By DENNIS NISHI
When Jessica Rodrigues moved to New York after four years of doing AIDS health work in Mozambique, she mostly relied on the Internet to look for work.
She emailed her résumé in response to online job postings and waited. When that tack didn't net many offers, she sought help from New York career coach Melissa Llarena, who told her to get more face to face with her search.
That included expanding her professional network and coming up with creative ways to get in front of the right people.
The first thing Ms. Rodrigues did was mention that she was looking for work to tango dance-class partners. One dancer, who was a board member for a foundation, referred her to a part-time job doing biotechnology proposal research.
Ms. Rodrigues later reconnected with a former schoolmate who worked at New York University. She didn't want to show up just asking for help, so she offered to speak before students that had an interest in working abroad. The success of the event led to a regular speaking engagement at the university and gave her something that she could put on her résumé.
"I learned that it's all about relationship building, that exchange and being creative. And it helps when it's a more genuine connection as opposed to just networking, which has such a loaded connotation," says Ms. Rodrigues, who networked her way into a full-time job last year working on HIV programs for the United Nations.
While the Internet has made it easy to apply for work, career experts say that offline networking efforts to meet people and get introductions are a far more effective way to land jobs—especially since 80% of jobs aren't publicly advertised, says Steven Rothberg, founder of job-search website CollegeRecruiter.com in Minneapolis.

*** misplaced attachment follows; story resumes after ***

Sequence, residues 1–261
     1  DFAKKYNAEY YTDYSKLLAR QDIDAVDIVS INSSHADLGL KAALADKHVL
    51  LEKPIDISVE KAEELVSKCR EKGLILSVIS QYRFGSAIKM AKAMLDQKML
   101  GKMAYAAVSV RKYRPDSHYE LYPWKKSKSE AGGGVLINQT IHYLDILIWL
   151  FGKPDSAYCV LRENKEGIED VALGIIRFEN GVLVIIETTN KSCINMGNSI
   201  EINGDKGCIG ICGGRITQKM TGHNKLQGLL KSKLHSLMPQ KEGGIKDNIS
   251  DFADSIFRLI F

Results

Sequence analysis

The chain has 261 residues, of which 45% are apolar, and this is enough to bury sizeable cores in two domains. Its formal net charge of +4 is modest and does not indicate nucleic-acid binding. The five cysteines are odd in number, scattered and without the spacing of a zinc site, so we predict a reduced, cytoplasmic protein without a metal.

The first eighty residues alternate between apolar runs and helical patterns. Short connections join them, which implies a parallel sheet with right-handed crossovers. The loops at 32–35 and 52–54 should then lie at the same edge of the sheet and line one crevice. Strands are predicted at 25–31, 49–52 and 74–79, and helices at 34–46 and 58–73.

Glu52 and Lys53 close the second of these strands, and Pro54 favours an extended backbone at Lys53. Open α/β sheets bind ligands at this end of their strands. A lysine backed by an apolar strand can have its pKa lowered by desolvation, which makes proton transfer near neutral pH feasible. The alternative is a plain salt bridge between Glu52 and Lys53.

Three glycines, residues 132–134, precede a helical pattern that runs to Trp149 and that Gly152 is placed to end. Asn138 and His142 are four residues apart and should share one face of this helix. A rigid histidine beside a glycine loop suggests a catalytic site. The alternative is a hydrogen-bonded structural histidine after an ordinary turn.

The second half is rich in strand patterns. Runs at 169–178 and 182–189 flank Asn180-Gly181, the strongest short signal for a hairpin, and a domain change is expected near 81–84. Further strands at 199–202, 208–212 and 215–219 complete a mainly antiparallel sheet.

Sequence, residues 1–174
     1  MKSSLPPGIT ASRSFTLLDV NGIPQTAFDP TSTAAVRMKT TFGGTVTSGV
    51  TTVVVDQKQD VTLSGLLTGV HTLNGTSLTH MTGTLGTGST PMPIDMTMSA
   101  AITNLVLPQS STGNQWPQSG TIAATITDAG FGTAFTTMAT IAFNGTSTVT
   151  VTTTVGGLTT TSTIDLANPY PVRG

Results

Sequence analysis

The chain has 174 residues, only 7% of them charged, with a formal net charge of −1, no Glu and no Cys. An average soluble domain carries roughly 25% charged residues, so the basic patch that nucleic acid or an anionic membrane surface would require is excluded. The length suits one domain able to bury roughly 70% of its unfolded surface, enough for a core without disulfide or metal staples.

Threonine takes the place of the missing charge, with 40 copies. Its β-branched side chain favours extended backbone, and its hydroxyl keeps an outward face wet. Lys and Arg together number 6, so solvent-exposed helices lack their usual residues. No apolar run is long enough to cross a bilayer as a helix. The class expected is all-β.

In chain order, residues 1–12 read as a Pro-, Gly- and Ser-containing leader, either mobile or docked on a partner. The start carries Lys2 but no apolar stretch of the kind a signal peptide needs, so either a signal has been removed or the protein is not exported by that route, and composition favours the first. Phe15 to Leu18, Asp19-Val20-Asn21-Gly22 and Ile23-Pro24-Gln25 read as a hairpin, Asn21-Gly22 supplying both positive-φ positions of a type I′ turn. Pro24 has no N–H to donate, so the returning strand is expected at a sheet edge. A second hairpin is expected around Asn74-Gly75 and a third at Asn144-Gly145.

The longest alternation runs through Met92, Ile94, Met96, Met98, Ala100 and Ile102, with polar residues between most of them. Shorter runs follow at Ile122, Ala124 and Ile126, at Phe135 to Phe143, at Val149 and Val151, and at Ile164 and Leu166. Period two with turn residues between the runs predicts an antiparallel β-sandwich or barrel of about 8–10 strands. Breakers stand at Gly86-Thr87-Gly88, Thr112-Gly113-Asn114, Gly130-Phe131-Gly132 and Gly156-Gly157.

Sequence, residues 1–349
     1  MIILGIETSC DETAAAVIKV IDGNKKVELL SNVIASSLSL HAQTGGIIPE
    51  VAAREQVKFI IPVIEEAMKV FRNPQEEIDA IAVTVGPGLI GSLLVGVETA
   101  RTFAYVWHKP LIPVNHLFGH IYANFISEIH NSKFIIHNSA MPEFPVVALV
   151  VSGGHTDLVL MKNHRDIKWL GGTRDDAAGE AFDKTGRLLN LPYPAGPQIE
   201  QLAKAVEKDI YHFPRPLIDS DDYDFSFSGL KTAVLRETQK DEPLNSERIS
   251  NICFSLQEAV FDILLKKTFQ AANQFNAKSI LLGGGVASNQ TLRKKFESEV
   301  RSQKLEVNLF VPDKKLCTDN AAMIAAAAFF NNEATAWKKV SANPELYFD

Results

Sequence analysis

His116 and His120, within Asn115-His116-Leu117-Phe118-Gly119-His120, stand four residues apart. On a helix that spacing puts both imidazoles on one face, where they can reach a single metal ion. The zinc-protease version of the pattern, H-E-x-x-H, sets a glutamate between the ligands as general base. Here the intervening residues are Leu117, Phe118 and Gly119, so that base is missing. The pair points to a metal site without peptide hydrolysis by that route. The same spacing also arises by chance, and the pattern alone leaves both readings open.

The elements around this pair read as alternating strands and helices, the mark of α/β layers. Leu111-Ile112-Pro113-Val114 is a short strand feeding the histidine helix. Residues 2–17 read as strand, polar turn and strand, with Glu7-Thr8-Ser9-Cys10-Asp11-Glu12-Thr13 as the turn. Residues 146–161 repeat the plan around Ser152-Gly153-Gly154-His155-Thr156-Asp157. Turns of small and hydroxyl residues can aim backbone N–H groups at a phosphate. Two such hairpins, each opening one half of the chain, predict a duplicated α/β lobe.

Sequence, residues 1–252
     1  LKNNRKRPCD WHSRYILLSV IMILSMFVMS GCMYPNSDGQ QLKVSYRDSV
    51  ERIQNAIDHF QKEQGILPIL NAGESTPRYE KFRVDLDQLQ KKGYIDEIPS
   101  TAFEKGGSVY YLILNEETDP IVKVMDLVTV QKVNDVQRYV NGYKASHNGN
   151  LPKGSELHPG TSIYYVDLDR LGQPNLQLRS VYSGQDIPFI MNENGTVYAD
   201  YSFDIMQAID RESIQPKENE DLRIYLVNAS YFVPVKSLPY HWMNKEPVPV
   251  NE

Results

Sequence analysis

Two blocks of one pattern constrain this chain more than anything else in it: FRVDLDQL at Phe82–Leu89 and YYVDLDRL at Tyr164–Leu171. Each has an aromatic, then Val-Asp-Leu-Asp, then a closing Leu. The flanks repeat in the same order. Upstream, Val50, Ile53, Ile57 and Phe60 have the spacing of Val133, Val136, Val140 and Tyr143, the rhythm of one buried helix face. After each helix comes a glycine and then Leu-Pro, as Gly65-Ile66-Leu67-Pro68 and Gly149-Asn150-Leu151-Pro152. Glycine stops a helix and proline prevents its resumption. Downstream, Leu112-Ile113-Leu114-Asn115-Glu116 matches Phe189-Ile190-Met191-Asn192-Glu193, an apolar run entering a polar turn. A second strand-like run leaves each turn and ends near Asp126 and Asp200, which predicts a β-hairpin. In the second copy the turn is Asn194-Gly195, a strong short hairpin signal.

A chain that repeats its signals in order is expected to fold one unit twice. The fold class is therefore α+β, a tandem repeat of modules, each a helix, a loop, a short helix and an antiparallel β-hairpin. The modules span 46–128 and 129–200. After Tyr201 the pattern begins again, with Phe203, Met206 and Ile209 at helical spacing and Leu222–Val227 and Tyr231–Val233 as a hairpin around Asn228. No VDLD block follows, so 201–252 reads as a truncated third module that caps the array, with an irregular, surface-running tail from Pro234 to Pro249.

Online searches and research are better used to support offline networking.
Expand your network beyond industry peers. Anybody can offer potential leads, says Joel Garfinkle, an executive coach from San Francisco.
He recently told a client to share her job-search tales with other parents while picking up her children at day care. That led to an introduction by a parent who was the wife of a hiring manager at Yahoo. She got the job.
Attend professional trade association chapter meetings, conferences and trade shows. Beforehand, connect with the chapter president, who can introduce you to members.
Follow up by volunteering at association events or being on a committee. "All of these things take a lot of time, effort, energy so don't expect to just walk out with a job referral. You want to get to know people, become part of the organization, contribute," says Mr. Garfinkle. "If they like you and see you have credibility, they're going to want to help you."
Get somebody within the organization to hand deliver your résumé to the hiring manager. Even if you're not a precise match, you'll at least get an interview this way, says Ms. Llarena, who recommends using an alumni network or LinkedIn to drill through your web of connections to find somebody who works for the company you're interested in.
Once you get an introduction, take that relationship offline and meet him or her for coffee or set up an informational interview. The latter is an exploratory meeting or phone call where you can learn about a company or industry.
People are more likely to respond to a request for an informational interview since you're not there to ask for a job, says Ms. Llarena. "You're there to learn about the company and what kind of skills they're looking for but that connection could end up leading to a job. You'd want to maintain that connection with updates."
Always have your short pitch ready since you want to be able to confidently and knowledgeably respond to any potential employers. "That meeting can happen anywhere," says Mr. Garfinkle.